The only problem I have ever had with my downtube shifters is too much drilling weakened them. I put on stock levers (somehow managing to get two lefts, and no rights), and they have worked fine ever since. How many of the brifters will still be functional after 30 to 40 years?
CliffordK is offline  
Old 12-22-14, 03:10 PM
  #18  
Jed19
Senior Member
 
Jed19's Avatar
 
Join Date: Oct 2004
Posts: 4,225
Mentioned: 0 Post(s)
Tagged: 0 Thread(s)
Quoted: 1 Post(s)
Likes: 0
Liked 0 Times in 0 Posts
People like different things for different reasons. I like my modern carbon bikes for the type of riding I currently do,which are fast 65-70 mile exercise rides. I like my 20 year old aluminum Cannondale hardtail mountain bike because I paid almost $1400 for it new, but when I thought about selling it, I could not bring myself to sell it for the $400 offered for it. So, I decided to keep it and turned it into a slow beach cruiser.

I am like you, in that I'll never buy anything less than the latest technology in most things, but I still find myself admiring old steel bikes when I see them on my rides.Part of it is that aesthetically, they can be very pretty (Saw a beautiful Richard Sachs road bike the other day, and everything about it just screamed beautiful, including the baby blue and cream colors and the wool retro long-sleeved jersey of the rider), and also that the bikes I liked but could not afford when I was a poor college student were those steelies with italian names.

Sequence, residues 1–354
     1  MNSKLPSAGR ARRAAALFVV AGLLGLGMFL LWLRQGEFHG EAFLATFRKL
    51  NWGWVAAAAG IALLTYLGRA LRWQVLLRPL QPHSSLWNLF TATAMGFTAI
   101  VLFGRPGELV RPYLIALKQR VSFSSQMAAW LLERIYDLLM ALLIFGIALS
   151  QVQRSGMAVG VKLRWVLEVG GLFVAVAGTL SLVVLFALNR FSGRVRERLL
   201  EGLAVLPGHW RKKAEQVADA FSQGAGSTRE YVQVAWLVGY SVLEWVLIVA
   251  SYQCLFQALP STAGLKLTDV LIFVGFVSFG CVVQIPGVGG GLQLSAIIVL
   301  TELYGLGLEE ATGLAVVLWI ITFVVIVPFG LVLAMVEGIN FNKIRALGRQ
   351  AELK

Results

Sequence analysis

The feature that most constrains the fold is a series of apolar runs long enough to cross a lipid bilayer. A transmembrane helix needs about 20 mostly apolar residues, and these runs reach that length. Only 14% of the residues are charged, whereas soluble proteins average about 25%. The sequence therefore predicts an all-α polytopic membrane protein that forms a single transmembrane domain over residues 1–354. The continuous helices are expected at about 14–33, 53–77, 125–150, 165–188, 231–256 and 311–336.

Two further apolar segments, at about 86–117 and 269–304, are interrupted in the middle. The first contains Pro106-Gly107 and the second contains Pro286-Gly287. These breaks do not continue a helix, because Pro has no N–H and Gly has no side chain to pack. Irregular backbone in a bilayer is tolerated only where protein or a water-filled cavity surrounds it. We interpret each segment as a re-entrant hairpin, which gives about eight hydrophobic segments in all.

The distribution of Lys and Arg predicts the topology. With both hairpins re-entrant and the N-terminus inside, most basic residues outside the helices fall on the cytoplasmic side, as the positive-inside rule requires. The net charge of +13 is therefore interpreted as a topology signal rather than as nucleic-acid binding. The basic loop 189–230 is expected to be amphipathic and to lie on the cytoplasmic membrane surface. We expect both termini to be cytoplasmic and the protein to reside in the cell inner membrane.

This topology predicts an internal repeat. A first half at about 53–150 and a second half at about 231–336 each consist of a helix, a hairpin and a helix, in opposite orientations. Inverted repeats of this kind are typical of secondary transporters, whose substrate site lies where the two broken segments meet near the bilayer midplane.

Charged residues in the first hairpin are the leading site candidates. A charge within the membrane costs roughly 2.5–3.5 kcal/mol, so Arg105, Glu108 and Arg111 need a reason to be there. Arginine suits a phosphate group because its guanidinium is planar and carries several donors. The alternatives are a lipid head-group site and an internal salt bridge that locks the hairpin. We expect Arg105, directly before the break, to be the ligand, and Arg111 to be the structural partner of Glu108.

Last edited by Jed19; 12-22-14 at 04:25 PM.
Jed19 is offline  
Old 12-22-14, 03:20 PM
  #19  
big chainring 
Senior Member
 
Join Date: Sep 2007
Location: Wilmette, IL
Posts: 6,465
Mentioned: 12 Post(s)
Tagged: 0 Thread(s)
Quoted: 392 Post(s)
Likes: 0
Liked 13 Times in 10 Posts
Its the paint and decoration that I like on old bikes. Amazing how well the paint on the old bikes stand up.to time and the elements. Flambouyant paint colors, metallics, pearl. They're what attracts me. And super slender cottered cranks, and chrome. Love the chrome.
big chainring is offline  
Old 12-22-14, 03:25 PM
  #20  
79pmooney
A Roadie Forever
 
79pmooney's Avatar